DETAILED DESCRIPTION

Characteristic for a vertical semiconductor device 1, to which the method according to the invention relates, is a protruding structure 5 upstanding from a substrate 10 as schematically illustrated in FIG. 1 a. The substrate is referred to as the bottom of the device and the upper surface, or the upper surface of any layer or layers covering the top of the nanowires, is referred to as the top of the device. The protruding structure 5 has at least one surface 15 that forms an angle in the range 25-90° to the substrate surface 20, or a surface parallel to the substrate surface. Hereinafter, the term horizontal surface 20 will be used referring to the substrate surface 20 or a surface parallel to the substrate surface. Correspondingly, the term vertical surface is used to refer to the surface 15 of the protruding structure 5 or a surface of an layer enclosing the protruding structure 5. The surface 15 of the protruding structure 5 is typically the envelope surface of a nanowire. In the background it is described how the protruding structure 5, may act as a perturbation in certain post-growth processing steps, for example in depositing of layers on the substrate 10. According to the method of the invention the feature that the vertical semiconductor device comprises at least two surfaces, the substrate surface 20 and the surface of the protruding structure 15, with a distinct angle there between, is utilised to give a selective surface deposition. The resulting device will have a selected layer essentially parallel to only one of the substrate surface 20 and the surface of the protruding structure 15.

The method according to the invention, schematically illustrated in FIG. 1 b comprises the main steps:

    • a deposition step (105) wherein a layer material is deposited upon both the vertical surface 15 and the horizontal surface 20, forming a vertical layer 17 and a horizontal layer 21. The deposition may be isotropic (as indicated with arrows of equal width) or anisotropic (as indicated with arrows of different width), and
    • a removal step (115), following the deposition step (105), wherein either the vertical layer 17 or the horizontal layer 21 is removed. The removal should be anisotropic (as indicated with arrows of different width), if the deposition was isotropic. If the deposition was anisotropic the removal could be isotropic (as indicated with arrows of equal width), but also an anisotropic removal could be envisaged, in which case the anisotropy should be of the same type. Alternatively the removal is terminated before any of the layers is completely removed, instead leaving one of the vertical or horizontal layers thinner than the other. Typically and preferably one of the layers has a thickness which is below half of the thickness of the other.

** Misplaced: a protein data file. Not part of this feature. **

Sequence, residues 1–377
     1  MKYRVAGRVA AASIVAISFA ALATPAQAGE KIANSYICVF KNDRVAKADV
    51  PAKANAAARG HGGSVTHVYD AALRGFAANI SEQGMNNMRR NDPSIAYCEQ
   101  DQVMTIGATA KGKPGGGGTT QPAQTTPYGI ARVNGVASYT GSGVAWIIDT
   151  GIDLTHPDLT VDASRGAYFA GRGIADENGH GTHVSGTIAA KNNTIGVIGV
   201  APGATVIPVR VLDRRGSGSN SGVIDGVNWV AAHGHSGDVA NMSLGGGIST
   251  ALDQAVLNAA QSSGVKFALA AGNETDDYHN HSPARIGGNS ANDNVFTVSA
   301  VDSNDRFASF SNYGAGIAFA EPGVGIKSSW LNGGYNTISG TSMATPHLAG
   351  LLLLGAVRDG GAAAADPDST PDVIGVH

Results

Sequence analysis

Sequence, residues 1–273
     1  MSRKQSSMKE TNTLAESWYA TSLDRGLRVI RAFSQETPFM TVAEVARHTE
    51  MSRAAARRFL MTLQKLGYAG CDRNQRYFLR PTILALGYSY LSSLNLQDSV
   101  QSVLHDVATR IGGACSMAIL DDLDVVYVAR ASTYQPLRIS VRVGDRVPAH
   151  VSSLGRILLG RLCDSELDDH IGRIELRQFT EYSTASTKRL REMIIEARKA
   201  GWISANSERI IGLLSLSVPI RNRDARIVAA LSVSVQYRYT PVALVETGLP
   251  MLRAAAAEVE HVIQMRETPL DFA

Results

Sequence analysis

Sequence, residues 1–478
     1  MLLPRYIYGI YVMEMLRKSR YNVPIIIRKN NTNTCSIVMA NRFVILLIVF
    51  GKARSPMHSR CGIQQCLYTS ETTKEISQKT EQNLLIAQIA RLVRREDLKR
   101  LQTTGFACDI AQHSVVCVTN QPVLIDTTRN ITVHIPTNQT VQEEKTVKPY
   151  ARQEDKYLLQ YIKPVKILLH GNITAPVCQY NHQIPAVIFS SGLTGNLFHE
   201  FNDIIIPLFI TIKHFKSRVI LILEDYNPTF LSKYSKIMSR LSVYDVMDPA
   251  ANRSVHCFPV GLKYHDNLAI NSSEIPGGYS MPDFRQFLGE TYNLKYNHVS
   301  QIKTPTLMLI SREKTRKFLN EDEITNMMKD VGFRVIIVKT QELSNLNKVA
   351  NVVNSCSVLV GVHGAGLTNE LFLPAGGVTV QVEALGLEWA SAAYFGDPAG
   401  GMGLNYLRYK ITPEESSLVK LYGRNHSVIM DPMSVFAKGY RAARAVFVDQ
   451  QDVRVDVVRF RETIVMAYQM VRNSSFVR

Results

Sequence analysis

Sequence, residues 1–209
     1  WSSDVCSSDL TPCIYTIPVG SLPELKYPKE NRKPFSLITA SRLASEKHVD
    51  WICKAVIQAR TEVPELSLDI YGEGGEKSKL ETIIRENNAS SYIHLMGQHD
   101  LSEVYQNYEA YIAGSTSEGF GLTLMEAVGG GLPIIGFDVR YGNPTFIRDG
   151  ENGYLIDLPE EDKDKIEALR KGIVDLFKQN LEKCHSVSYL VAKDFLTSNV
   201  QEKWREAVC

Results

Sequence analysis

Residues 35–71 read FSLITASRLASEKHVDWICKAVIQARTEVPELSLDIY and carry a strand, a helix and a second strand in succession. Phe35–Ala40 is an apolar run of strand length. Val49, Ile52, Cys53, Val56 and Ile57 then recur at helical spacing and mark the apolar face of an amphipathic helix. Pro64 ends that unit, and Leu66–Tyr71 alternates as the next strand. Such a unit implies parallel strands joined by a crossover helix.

The main steps results in either a vertical layer 17 (‘A’ in the figure) on the envelope of the protruding structure 5 or a horizontal layer 21 (‘B’) parallel to the substrate surface 15 as illustrated in FIG. 1 c. These steps are typically only a part of a post-growing process, wherein a plurality of layers of different properties is added to form the final vertical semiconductor device 1.

The method of the invention can be used to form well defined members of the vertical semiconductor, for example contacts, terminals, gates, spacer layers, elevation layers, isolation layers, chargeable layers, and dielectric layers. Materials for the layer can be chosen from a wide range including conducting material and insulators, as will be further discussed below. In the embodiments described below the protruding structure 5 is a nanowire, or a structure comprising a nanowire, grown from a substrate 10 or a base layer on the substrate 10. The vertical surface 15 is a sidewall of the nanowire, or a sidewall on a layer grown or applied by other means on the nanowire. The horizontal surface 20 may be the surface of the substrate 10, or the upper surface of a layer applied on the substrate.